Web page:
The gaseous exchange between an organism and the environment is measured by respirometry or indirect calorimetry. Once the oxygen consumption (O2) and the production of carbon dioxide (CO2) and methane (CH4) are known, the energy losses by gas and heat can be calculated. Energy metabolism and methane production have been studied in the Calorimetry and Metabolism Laboratory of the Federal University of Minas Gerais, located in Belo Horizonte, Minas Gerais, Brazil. Animals used are mainly Zebu cattle and their crossbreeds that represent most beef and dairy cattle breed grazed on tropical pastures. System calibration and routine work are addressed in this text. The results obtained on respirometric chambers are expressed in net energy (NE), which can be net energy for maintenance (NEm), lactation (NEL), weight gain (NEg), and pregnancy (NEp). NE is, in fact, what is used by the animal for maintenance and each productive function. The values of k (conversion efficiency of ME into NE) for maintenance (km), milk (kL), weight gain or growth (kg), and pregnancy (kp) are determined. Thanks to the peculiarity of the respirometric technique, the same animal can be evaluated several times, in different physiological states and planes of nutrition.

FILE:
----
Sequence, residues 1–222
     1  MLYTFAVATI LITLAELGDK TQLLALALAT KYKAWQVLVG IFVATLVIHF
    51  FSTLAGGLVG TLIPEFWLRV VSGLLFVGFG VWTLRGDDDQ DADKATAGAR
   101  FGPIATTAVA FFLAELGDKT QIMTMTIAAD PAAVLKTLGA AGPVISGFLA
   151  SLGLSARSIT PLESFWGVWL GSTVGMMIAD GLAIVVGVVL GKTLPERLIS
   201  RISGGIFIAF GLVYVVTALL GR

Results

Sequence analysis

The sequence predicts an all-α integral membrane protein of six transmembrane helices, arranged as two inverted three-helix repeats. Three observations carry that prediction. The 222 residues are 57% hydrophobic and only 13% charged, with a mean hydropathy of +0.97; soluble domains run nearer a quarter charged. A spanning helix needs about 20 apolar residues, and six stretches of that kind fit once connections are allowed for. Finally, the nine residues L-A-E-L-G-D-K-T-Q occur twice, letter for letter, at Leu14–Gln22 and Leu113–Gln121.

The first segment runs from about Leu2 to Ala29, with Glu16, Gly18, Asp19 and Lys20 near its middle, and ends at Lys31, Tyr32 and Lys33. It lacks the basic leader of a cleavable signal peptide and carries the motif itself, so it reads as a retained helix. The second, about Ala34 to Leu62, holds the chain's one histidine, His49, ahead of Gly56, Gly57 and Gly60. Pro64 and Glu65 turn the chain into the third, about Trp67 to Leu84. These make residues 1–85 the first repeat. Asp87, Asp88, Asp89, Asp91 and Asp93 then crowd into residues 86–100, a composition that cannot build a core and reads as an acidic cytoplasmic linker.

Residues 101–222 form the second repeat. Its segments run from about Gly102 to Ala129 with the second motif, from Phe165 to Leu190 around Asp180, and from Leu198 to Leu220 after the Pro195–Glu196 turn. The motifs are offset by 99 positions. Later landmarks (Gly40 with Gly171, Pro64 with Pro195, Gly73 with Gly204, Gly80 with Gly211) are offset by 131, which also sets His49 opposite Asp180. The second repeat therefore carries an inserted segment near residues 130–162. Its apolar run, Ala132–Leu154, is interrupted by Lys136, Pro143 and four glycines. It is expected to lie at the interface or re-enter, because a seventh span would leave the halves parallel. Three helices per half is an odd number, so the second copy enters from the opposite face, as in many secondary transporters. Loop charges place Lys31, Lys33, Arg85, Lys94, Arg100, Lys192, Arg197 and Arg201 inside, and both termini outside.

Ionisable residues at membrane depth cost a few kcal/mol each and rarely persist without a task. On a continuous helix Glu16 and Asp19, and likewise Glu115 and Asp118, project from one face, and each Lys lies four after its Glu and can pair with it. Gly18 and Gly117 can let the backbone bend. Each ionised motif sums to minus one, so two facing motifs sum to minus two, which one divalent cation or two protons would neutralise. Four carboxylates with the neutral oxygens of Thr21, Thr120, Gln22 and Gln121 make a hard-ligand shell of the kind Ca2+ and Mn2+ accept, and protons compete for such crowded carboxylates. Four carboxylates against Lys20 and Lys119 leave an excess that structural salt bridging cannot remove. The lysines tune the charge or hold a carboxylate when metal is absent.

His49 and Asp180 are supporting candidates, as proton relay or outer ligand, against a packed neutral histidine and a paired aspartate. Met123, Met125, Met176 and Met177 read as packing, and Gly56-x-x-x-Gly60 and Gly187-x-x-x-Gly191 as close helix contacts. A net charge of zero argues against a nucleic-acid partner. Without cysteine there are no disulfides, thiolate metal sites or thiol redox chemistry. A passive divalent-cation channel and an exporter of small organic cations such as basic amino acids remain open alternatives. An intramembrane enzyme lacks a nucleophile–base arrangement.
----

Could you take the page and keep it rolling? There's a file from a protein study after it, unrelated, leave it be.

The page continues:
Part of the book: Animal Husbandry and Nutrition
Animal behavior is a function of species biology, interaction with the environment and experience previously acquired. Natural taming is a set of techniques used to tame the animals without stress and with patience and respect. They are conditioned to follow man’s commands in a quiet way, resulting in more reliable and productive animals. Cattle learning process has enabled the development of management techniques, such as the interactions between them and humans. These techniques aim to use the cattle natural behavior during the management operations, allowing gathering and moving the animals to other areas of the pasture, corrals or even outside the farm. These techniques are mainly important when cattle are raised on pasture, with less contact with people, resulting in less herd control and greater reactivity of animals to management. Many repetitive exercises are used, conditioning the animal in a gentle and progressive manner, without the use of force and pain, to obtain the desired commands. It is an activity that requires patience, bringing good results, better than those achieved through traditional taming, which can cause many traumas.
Part of the book: Animal Welfare